The first one, oddly enough, was giving — as in making donations to “win” experiences that I was somehow passionately attached to. I have been a roadie for a day for The Who, I did firefighter training for a day with the New York Fire Department Training Division on Randalls Island, and so on. These are a couple of examples where the experience itself, and a deeper appreciation, was ‘all’ I took home. However, there are other examples like “Give your child a priceless gift: reading time with actor LeVar Burton” via the National Press Club’s Ellen Masin Persina Scholarship Fund that have turned into real businesses. A donation to the Carol Baldwin Breast Cancer Research Fund to have lunch on the set of Stargate Atlantis changed my entire career path and led me to helping found a business which has become the amazing Bron Studios and related group of companies. My work with the XPRIZE Foundation has turned into a number of passive investment opportunities that I would have never discovered otherwise, including a significant stake in the “Space 2.0” sector. All of these examples have one thing in common — there was no upfront intent of ever getting more involved beyond the initial contact. Yet, what I have discovered completely by accident, is that the act of giving has a high chance of making connections with extremely passionate and competent people doing amazing things. Further, sometimes those amazing things and talent cross over enough with my personal interests to spark something special that grows over time. As a small seed can grow into a mighty oak tree these moments of giving have come to change my entire life. These unplanned events have become the foundation of a more subtle core philosophy as well — the things I look forward to the most when a new year starts are those hidden behind doors I cannot even name when the year begins. Listen to the universe, it is taking to you. It will not tell you what is coming but if you enable yourself to hear what it is saying your life will become magical.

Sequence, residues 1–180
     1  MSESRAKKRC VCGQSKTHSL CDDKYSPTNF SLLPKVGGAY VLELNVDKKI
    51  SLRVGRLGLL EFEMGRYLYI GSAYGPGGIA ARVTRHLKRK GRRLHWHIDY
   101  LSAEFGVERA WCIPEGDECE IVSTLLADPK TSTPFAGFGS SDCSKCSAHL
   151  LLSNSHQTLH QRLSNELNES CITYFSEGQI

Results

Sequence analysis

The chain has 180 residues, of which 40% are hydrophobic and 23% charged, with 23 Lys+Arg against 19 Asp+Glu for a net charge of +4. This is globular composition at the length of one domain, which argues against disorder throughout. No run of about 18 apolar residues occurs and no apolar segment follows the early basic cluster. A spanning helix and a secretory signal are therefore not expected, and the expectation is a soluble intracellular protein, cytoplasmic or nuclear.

Stupid human trick number two for me is the counter intuitive thought of setting my bar for success very low. This may seem like an odd way to become awesome at something but think about it this way — when you take on a seminar, a conference, read a book, have a failure, etc, you are usually overwhelmed with a mass of good ideas for possibly improving your life or business going forward.